Is space technology approaching a turning point? The modern innovations in space tech are making the dreams of yesterday a possibility and may well be leading us into a new age of space exploration.
As Earth continues to navigate the difficulties posed by the COVID-19 pandemic, it’s no surprise that breakthroughs in space technology have helped to lift humanity’s spirits.
Despite logistical difficulties and reduced activity across the global economy, the space industry actually flourished in 2020 and continues to go from strength to strength this year.
The boom in commercial space tech development also seems to have given traditional government space agencies a renewed sense of purpose, as NASA plans to return to the moon with its Artemis Program and options are being explored for further missions to Mars.
Here are some of the most recent breakthroughs in space technology that will help set the agenda for future development in space exploration.
Commercial Space Firms Join Forces With NASA
It seems that the government space agencies that dictated the tone of space exploration in the last century have finally taken note of the progress made with innovations in space tech from the commercial sector. Cooperation between state and private space interests has been growing, and this relationship passed a significant milestone in May last year.
While the commercial rocket companies have been transporting supplies to the International Space Station since 2012, today, they are fully licensed to transport personnel to the facility with NASA’s blessing.
It’s the first mission of the Commercial Crew Program between NASA and commercial partners, and it’s hoped that this collaborative approach will lead to the acceleration of space technology development as a whole to the mutual benefit of all parties.
If nothing else, the launch is compelling proof of how far the private sector has come to match the capacities of the more experienced operators in the field of space exploration.
Micro Launchers Emerge to Challenge the Space Technology Status Quo
Thus far, clients who want their satellites launched into the Earth’s orbit have mostly had to choose between the services of the larger, more established rocket companies. The reason for this is that, with their bigger modern rockets, these companies can offer the most competitive cost to kilo ratios on the payloads they can deliver.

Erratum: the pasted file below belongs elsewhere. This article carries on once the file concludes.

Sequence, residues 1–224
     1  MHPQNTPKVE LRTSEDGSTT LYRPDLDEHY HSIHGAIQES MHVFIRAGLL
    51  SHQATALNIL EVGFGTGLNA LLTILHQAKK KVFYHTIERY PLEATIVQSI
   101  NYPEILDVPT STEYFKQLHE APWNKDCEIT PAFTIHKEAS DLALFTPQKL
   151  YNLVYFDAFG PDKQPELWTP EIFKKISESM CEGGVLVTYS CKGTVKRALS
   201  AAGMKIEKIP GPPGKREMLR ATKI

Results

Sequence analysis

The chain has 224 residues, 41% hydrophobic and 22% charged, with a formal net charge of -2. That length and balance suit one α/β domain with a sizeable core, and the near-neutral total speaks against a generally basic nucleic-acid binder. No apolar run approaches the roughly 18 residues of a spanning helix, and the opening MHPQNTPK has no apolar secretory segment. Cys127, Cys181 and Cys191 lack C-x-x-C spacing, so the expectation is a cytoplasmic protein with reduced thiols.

These services do have their drawbacks, though. The launches of such large craft require an incredible amount of pre planning beforehand, and the scale of the projects often leaves them vulnerable to delays.
Additionally, because they’re carrying payloads from so many different sources, individual clients have little say about the particulars of when and where the launches take place.
However, new, smaller micro launchers appear to be on the verge of disrupting this state of affairs. Smaller space startups are creating modern rockets that can offer clients a boutique launch service to put their reusable satellites into orbit.
3D printing in the space industry means that these rockets can be manufactured at a lower cost, with savings passed onto clients. Although they cannot offer the same cost-effectiveness as their larger competitors, micro launcher proponents argue that they don’t have to.
Their modern rockets offer clients a more rapid launch window and give their partners greater choice over variables like the exact trajectory of the launch and at what point in Earth’s orbit their payloads will be delivered.
The difference can be likened to the choice between taking a taxi or a bus: a bus is cheaper, but a taxi will take you to your exact destination far more quickly.
Entrepreneurs Become Astronauts: The Birth of Space Tourism
Space tourism has persisted as an exciting proposition for those inside and outside of the space technology industry. The concept has understandably acquired the status of a pipedream for some, but this year will see space tourism finally become a reality (albeit for a handful of the ultrarich).
Billionaire entrepreneurs have already begun taking to the stars, and these ultra-rich space enthusiasts appear to be laying the groundwork for the future of space tourism. Perhaps for the rest of us who don’t count ourselves amongst the wealthiest people on the planet, we might well doubt whether we’ll see an opportunity for regular people to visit space.
However, when modern economies of scale are considered, the popular availability of space tourism may not be so far from our reach. Powered flight was achieved by mankind at the start of the 20th century, and by the 1970s, air travel was affordable for the middle classes.
When we consider the modern pace of globalization and scientific innovation, it is not so unthinkable that space tourism will become available for wider consumption in a much shorter time frame.
It’s obvious to anyone with even a passing interest in history that we’re truly living in a golden age for space technology. As the lines blur between state space agencies and private space startups, perhaps the space technology sector can provide a blueprint for how the people living on Earth can come together to realize our collective potential.
Are there any innovations in space tech that you’re excited to see realized? Let us know in the comments section below.